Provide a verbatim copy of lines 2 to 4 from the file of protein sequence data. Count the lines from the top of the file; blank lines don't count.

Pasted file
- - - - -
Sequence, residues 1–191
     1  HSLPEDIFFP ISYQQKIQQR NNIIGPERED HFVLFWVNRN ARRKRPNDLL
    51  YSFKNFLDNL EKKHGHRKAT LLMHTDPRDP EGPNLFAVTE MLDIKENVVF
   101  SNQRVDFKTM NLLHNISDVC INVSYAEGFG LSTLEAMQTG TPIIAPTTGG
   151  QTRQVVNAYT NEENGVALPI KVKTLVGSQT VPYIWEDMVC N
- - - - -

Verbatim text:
     1  HSLPEDIFFP ISYQQKIQQR NNIIGPERED HFVLFWVNRN ARRKRPNDLL
    51  YSFKNFLDNL EKKHGHRKAT LLMHTDPRDP EGPNLFAVTE MLDIKENVVF
   101  SNQRVDFKTM NLLHNISDVC INVSYAEGFG LSTLEAMQTG TPIIAPTTGG